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Zuckerberg meets with prominent conservatives amid claims Facebook content is too liberal

"We've built Facebook to be a platform for all ideas. ...It doesn't make sense for our mission or our business to suppress political content," Facebook founder Mark Zuckerberg said Wednesday.

By Doug G. Ware
The Chrysler building is seen in the background near Wall Street in New York City as social media giant Facebook launched its initial public offering and became a publicly-held company, May 18, 2012. Wednesday, four years to the day of the IPO, Mark Zuckerberg met with several prominent conservatives at Facebook's California headquarters to discuss concerns by some that the social network's content may be too liberal. File Photo by John Angelillo/UPI | <a href="/News_Photos/lp/155ee10d04a9523ca8e1a7c876eeb717/" target="_blank">License Photo</a>
The Chrysler building is seen in the background near Wall Street in New York City as social media giant Facebook launched its initial public offering and became a publicly-held company, May 18, 2012. Wednesday, four years to the day of the IPO, Mark Zuckerberg met with several prominent conservatives at Facebook's California headquarters to discuss concerns by some that the social network's content may be too liberal. File Photo by John Angelillo/UPI | License Photo

MENLO PARK, Calif., May 18 (UPI) -- Facebook founder Mark Zuckerberg took time out of his busy business and philanthropic schedule on Wednesday to meet with several prominent conservatives, and discuss the concerns of some that fear the influential social media giant leans too far to the left.

The meeting occurred amid criticisms from some in the conservative community that Facebook's offerings online, particularly news, have too great a liberal tone.

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The meeting, held at Facebook's Menlo Park, Calif., headquarters, included conservative radio talk show host Glenn Beck, former Bush administration spokeswoman Dana Perino and Barry Bennett, a top aide to GOP candidate Donald Trump.

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"This afternoon I hosted more than a dozen leading conservatives to talk about how we can make sure Facebook continues to be a platform for all ideas across the political spectrum," Zuckerberg wrote on his Facebook page after the meet Wednesday, acknowledging the importance of the issue.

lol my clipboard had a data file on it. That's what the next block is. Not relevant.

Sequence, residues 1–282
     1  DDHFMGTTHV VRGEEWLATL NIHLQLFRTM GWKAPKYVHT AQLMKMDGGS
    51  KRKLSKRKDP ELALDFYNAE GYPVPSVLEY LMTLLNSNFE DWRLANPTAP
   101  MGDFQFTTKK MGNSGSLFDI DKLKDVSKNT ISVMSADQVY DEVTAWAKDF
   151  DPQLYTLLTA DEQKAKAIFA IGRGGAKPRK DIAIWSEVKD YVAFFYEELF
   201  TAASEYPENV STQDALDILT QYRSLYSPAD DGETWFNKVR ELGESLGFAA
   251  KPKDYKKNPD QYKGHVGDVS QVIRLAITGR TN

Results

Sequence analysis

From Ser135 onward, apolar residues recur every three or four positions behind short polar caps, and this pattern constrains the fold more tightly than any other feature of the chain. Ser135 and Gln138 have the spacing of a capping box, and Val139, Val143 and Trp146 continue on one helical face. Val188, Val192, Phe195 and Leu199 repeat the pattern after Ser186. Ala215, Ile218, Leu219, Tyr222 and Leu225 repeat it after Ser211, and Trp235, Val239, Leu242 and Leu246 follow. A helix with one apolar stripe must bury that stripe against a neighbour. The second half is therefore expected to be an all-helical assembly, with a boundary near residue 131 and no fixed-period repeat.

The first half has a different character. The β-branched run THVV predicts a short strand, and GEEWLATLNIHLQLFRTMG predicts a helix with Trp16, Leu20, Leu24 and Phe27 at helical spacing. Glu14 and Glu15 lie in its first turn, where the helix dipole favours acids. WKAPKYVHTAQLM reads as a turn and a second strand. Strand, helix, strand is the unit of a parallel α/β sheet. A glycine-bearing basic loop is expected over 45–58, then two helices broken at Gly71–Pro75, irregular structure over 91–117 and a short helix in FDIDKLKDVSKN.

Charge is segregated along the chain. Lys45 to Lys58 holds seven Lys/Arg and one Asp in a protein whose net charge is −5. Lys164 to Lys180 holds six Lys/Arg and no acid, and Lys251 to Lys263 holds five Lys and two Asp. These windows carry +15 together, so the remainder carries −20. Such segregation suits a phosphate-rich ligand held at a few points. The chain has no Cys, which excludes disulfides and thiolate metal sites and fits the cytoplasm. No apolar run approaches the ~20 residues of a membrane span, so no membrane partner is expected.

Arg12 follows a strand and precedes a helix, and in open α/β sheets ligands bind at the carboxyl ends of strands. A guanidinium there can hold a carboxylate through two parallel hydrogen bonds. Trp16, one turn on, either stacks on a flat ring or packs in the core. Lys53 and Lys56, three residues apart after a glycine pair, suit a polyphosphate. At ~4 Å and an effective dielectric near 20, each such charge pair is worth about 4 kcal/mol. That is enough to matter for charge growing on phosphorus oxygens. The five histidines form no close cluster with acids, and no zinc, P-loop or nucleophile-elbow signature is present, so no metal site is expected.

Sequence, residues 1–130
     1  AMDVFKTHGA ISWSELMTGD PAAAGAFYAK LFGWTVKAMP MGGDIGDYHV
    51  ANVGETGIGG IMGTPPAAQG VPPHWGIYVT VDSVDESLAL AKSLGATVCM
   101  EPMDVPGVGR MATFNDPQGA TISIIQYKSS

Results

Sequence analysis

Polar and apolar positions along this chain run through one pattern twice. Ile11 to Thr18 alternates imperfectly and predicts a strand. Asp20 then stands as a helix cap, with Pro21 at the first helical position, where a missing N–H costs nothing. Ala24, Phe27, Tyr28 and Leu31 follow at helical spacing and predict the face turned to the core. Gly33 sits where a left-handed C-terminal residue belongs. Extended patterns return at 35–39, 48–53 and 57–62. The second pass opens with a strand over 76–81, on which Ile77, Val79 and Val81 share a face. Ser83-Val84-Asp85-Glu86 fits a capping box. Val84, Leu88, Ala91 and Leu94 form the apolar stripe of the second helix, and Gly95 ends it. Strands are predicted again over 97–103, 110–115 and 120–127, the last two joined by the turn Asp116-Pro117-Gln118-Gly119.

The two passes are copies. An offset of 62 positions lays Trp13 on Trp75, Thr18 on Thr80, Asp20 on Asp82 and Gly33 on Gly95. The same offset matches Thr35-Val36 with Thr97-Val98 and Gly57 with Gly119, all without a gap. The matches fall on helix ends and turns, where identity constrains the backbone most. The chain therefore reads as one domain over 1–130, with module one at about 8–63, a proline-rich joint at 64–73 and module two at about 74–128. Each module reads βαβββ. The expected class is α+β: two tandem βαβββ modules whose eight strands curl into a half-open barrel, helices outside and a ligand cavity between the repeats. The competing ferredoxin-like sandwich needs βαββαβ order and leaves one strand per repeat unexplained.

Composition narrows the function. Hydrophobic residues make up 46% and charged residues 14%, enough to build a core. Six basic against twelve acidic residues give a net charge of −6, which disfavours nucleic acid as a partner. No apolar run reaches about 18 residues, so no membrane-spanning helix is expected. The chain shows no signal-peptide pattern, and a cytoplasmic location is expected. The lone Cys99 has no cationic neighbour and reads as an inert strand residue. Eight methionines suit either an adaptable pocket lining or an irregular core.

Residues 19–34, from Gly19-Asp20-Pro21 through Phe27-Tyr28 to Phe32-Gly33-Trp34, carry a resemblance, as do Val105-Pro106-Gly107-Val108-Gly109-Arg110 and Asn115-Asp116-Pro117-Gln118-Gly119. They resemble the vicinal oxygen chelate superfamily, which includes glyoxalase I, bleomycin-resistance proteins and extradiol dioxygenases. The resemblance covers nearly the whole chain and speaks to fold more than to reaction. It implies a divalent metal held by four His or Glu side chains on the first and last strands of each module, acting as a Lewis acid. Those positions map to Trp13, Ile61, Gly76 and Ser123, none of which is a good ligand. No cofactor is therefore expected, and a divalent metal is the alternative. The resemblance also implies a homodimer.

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"The reality is, conservatives and Republicans have always been an important part of Facebook," he continued. "Donald Trump has more fans on Facebook than any other presidential candidate. And Fox News drives more interactions on its Facebook page than any other news outlet in the world. It's not even close."

Perino, also a host for Fox News Channel, talked of her experience in a brief video she posted to her page.

"Diversity of race and gender is one thing, and it's a great thing to champion, but diversity of thought is also very valuable in an organization. We talked a little about that," she said.

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Conservative Fox News host Tucker Carlson also attended the meeting and spoke on Perino's video.

"What's more meaningful? Who cares what people look like. Who cares?" he said. "What's interesting and meaningful and helpful is when you have people with different life experiences and assumptions and from different cultures and worlds. Like, that actually makes you smarter."

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Carlson said he believes racial and cultural matters are important, but emphasized that he feels more people need to "look deeper than the way people look."

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Earlier this month, Sen. John Thune, R-S.D., said he sent a letter to Zuckerberg with concerns that his service is too liberal in its content.

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"Facebook must answer these serious allegations and hold those responsible to account if there has been political bias in the dissemination of trending news," he said. "Any attempt by a neutral and inclusive social media platform to censor or manipulate political discussion is an abuse of trust and inconsistent with the values of an open Internet."

According to a new poll, nearly 50 percent of Americans said they are comfortable with social media platforms like Facebook determining which news users see -- compared with 34 percent who said they are not comfortable with it. About 20 percent said they had no opinion.

"I know many conservatives don't trust that our platform surfaces content without a political bias," Zuckerberg wrote. "I wanted to hear their concerns personally and have an open conversation about how we can build trust. I want to do everything I can to make sure our teams uphold the integrity of our products.

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"It's important that Facebook remains a platform for all ideas and that we continue to give every person a voice."

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